A mixed-race girl who uses a manual wheelchair finds a way for her irrepressible pet to stay by her side.
Zara’s dog, Moose, loves to say, “Hello.” When Zara hugs Moose, the faces of both child and dog beaming with contentment, readers will understand perfectly why Moose finds “goodbye” as awful as “an itch that couldn’t be scratched.” When Moose can’t accompany Zara to school, Moose “put[s] on her brakes” until Mom (who’s black) and Dad (who’s white) drag her away from Zara. But Moose has other ideas, beginning a chain of escape attempts. Each “Hello” finds the persistent pooch visiting Zara’s class in different areas of the school, her animated antics emphasized by brisk lines and scrawls. Each “Goodbye” is a cumulative refrain, requiring Mom, Dad, Zara, and more and more school personnel to get Moose to leave. Finally, Moose is alone in a crate, surrounded by white space broken only by a family portrait and Moose’s winding howl. But not for long—Zara takes Moose to “therapy dog school,” and Moose happily becomes the class reading dog. Gianferrari’s dog’s-eye metaphors for loneliness and Barton’s expressive, energetic mixed-media illustrations highlight Moose’s affection and the joy she brings to others. An author’s note provides a brief description of therapy dogs as well as two websites for further information.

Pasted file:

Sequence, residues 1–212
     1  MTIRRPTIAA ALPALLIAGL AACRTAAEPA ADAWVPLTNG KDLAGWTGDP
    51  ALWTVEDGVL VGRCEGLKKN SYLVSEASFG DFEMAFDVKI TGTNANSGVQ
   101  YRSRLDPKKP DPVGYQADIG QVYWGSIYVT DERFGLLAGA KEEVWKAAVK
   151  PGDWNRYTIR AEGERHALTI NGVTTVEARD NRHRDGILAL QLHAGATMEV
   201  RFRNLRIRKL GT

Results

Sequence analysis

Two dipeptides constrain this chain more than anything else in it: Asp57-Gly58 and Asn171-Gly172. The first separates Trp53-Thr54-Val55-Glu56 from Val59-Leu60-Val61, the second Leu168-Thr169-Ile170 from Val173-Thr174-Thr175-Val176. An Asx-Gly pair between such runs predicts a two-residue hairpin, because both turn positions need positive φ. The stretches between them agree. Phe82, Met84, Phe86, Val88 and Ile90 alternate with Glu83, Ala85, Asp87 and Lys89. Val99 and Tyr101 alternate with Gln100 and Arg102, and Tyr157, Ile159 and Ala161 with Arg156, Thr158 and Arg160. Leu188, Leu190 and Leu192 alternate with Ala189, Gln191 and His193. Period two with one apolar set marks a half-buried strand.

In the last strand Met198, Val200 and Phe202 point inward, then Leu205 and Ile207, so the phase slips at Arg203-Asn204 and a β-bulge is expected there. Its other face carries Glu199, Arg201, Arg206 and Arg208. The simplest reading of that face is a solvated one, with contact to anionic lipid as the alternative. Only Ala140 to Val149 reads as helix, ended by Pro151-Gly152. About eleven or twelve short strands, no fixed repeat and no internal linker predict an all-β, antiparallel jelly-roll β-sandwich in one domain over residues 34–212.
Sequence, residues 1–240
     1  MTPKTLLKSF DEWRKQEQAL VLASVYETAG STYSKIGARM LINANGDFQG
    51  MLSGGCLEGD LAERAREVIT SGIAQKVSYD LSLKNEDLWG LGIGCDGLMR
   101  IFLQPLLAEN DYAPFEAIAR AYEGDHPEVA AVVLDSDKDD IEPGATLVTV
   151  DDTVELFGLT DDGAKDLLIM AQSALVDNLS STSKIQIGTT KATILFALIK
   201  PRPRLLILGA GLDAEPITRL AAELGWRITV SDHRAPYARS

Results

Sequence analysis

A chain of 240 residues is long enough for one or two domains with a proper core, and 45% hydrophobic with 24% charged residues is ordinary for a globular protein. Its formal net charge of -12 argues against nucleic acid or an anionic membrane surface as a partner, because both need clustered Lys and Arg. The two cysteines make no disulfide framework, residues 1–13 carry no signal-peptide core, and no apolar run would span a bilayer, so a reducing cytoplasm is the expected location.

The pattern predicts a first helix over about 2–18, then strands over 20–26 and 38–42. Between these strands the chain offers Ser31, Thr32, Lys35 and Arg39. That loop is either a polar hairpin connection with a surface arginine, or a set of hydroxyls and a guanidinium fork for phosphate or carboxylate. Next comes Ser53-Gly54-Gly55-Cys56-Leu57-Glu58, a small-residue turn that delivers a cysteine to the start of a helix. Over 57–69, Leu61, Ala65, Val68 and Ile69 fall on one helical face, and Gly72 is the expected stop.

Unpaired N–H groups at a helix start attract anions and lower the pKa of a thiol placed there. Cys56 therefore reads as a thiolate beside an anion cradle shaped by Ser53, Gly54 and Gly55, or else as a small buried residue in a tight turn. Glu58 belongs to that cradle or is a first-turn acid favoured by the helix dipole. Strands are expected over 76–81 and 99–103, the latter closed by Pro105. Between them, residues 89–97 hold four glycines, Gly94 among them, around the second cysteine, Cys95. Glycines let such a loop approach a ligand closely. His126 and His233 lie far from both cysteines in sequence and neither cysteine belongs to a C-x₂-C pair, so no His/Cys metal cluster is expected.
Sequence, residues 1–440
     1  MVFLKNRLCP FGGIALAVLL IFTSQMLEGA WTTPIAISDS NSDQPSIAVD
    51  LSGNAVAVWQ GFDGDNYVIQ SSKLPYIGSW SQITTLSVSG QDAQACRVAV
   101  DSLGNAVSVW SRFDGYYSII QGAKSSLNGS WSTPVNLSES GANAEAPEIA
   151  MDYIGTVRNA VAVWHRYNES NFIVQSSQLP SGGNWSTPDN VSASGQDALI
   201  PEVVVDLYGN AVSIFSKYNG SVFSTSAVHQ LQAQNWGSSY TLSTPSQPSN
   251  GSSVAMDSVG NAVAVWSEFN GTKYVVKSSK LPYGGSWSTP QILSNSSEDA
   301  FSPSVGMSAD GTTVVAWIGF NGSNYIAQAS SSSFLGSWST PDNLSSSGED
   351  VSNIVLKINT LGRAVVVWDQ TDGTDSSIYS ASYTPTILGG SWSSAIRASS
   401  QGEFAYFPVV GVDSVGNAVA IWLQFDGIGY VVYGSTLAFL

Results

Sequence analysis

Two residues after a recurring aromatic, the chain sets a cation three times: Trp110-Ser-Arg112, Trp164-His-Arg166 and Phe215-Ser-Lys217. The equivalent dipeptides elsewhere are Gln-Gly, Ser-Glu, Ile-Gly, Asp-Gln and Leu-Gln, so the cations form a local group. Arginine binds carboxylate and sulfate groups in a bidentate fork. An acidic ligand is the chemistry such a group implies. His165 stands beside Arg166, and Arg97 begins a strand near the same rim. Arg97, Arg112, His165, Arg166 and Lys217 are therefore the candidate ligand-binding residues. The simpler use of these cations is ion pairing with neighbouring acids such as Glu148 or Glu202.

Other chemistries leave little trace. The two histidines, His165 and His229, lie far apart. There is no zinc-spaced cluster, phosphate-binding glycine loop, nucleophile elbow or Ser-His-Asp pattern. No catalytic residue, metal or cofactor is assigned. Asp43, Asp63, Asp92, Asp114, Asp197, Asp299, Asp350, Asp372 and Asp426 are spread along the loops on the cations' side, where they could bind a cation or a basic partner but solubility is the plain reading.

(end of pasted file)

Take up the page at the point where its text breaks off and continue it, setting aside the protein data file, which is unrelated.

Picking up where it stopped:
Young children and their dogs will enjoy this cheery tale. (Picture book. 4-6)